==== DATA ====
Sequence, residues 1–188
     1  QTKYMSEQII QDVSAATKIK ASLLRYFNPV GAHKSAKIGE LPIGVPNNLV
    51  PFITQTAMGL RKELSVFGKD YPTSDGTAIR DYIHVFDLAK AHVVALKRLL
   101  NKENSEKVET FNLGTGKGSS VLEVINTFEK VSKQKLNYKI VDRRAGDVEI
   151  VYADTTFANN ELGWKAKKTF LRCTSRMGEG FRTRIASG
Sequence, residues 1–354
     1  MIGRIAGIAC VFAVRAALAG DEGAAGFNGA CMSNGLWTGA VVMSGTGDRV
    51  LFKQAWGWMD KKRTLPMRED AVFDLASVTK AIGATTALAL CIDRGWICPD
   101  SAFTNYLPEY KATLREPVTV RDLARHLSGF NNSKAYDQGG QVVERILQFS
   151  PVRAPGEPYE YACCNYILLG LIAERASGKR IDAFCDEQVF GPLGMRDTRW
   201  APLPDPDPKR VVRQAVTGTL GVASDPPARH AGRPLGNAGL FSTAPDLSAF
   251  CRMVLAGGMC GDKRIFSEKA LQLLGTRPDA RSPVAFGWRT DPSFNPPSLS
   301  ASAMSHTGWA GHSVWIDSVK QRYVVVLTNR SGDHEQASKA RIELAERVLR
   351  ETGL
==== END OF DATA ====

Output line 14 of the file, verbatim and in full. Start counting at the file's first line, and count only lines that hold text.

   351  ETGL